HAP vs. RR on Debt-to-GDP and Growth

Many followers of this blog have probably already heard about the paper co-authored by frequent D&S author and UMass-Amherst econ professor and director of the Political Economy Research Institute Bob Pollin (the other co-authors were UMass doctoral student Thomas Herndon and UMass econ prof Michael Ash–call these authors “HAP”) that found errors in an influential paper by Kenneth Rogoff and Carmen Reinhart (call them “RR”). The HAP paper started making a big splash on the Internets on Tuesday;  I read about it in this piece in the New York Times yesterday morning.  I later read Yves Smith’s more trustworthy account of the flap at Naked Capitalism.

The RR paper was the basis of the claim that the threshold of a country’s debt-to-GDP ratio when things get really bad–growth goes negative–is 90% (when debt is 90% of GDP);  this was cited by deficit-hawks, including Paul Ryan, in favor of austerity policies.  HAP raise a number of problems with the paper, including a “coding error” in Excel, that they say undermines the findings.  It’s all very juicy.  Here’s a summary of the flap from Ron Baiman of the Chicago Political Economy Group:

In case you didn’t see this, a new PERI paper by Herndon, Ash, and Pollin has discovered decisive errors in Rogoff and Reinhart finding that median growth rates fell by 1% in countries with over 90% debt to GDP – a result cited by numerous austerity mongers including U.S. Rep Paul Ryan and Olli Rehn of the European Commission, see Lowrey piece in today’s NYTimes :
The Herndon et. al. study and backup data files are here:
For a more detailed report on this see Mike Konczal piece at:
Konczal notes that ” From the beginning there have been complaints that Reinhart and Rogoff weren’t releasing the data for their results (e.g. Dean Baker). I knew of several people trying to replicate the results who were bumping into walls left and right – it couldn’t be done.”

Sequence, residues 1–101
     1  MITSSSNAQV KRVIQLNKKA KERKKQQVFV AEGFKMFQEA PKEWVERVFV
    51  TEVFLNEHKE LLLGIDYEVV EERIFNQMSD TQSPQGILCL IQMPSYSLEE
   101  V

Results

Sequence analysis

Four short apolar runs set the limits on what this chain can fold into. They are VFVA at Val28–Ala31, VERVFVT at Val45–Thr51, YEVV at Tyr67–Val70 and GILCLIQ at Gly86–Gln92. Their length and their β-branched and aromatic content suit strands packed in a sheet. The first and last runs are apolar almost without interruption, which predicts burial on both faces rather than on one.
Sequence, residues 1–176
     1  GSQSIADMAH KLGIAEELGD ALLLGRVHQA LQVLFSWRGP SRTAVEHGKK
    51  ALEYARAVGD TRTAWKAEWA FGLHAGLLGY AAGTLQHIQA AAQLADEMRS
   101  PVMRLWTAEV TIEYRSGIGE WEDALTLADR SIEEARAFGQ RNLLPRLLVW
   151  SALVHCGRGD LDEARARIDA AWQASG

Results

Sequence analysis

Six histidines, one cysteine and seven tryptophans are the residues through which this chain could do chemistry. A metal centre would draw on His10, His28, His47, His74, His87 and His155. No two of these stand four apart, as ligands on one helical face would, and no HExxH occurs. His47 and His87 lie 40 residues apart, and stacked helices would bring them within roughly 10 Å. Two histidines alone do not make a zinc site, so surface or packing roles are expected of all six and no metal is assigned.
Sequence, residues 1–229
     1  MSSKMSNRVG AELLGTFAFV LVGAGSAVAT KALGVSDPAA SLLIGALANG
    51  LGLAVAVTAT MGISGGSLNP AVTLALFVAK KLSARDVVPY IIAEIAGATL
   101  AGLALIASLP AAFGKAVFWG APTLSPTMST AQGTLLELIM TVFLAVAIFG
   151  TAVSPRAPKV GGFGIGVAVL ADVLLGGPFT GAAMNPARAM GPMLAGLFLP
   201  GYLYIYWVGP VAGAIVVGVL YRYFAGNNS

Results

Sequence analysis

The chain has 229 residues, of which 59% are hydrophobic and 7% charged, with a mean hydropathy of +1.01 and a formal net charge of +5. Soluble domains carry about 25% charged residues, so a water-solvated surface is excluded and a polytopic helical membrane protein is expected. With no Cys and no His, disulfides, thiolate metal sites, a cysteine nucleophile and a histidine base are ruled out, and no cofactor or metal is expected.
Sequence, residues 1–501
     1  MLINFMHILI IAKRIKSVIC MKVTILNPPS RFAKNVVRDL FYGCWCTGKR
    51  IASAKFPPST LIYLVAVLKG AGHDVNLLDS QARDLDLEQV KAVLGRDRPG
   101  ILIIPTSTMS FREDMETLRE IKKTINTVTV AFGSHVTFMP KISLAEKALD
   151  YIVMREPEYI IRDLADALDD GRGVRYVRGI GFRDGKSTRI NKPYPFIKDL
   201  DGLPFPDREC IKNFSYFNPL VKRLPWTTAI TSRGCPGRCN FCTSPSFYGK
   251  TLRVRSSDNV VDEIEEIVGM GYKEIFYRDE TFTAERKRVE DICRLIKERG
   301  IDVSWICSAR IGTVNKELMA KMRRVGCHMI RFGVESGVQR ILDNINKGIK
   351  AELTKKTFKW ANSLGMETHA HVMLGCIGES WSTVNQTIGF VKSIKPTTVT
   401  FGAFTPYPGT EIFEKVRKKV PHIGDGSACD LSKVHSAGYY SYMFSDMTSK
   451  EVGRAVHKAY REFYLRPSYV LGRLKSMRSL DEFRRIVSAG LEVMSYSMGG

And that (after finally securing access to the Reinhart and Rogoff data and calculations, Herndon et. al. found three types of critical error.
“First, Reinhart and Rogoff selectively exclude years of high debt and average growth. Second, they use a debatable method to weight the countries. Third, there also appears to be a coding error that excludes high-debt and average-growth countries. All three bias in favor of their result, and without them you don’t get their controversial result.”
Konczal’s expanded report is at Roosevelt Institute “Next New Deal” blog at:
The blog post from Dean Baker from 2010 that Ron links to is a good read–he fumes a bit about a glowing piece on RR’s research in the New York Times (I noticed that their piece from Tuesday recycles the same photo from the earlier piece), and takes RR to task for not sharing their data so that other economists might try to replicate their results:  “Mr Rogoff and Ms. Reinhart have declined to adhere to standard ethics within the economics profession and have refused to share the data on which they base their conclusion with other researchers.”
RR have since responded to the paper, first briefly (here), and today at more length (here).
Krugman has done several blog posts about the controversy:  here (his initial post on the flap), here (his response to RR’s response to HAP), here (“further thoughts”), and here (making the useful point that pudits citing RR share some of the blame).
Dean Baker has a great piece in the Guardian whose title gets right to the point: How Much Unemployment did Reinhart and Rogoff’s Arithmetic Mistake Cause?
Which is related to something I thought when I looked at the front page of today’s New York Times, which included a piece entitled More Children in Greece Start to Go Hungry.  This too is on RR–not just their mistake, but their own advocacy of austerity (e.g., as Yves Smith pointed out, in Rogoff’s op-ed in the Financial Times in July 2010 entitled No Need for a Panicked Fiscal Surge).
I wonder whether they will pay any price for their errors.  Would a bout of unemployment or hunger be too much to hope for?
–Chris Sturr

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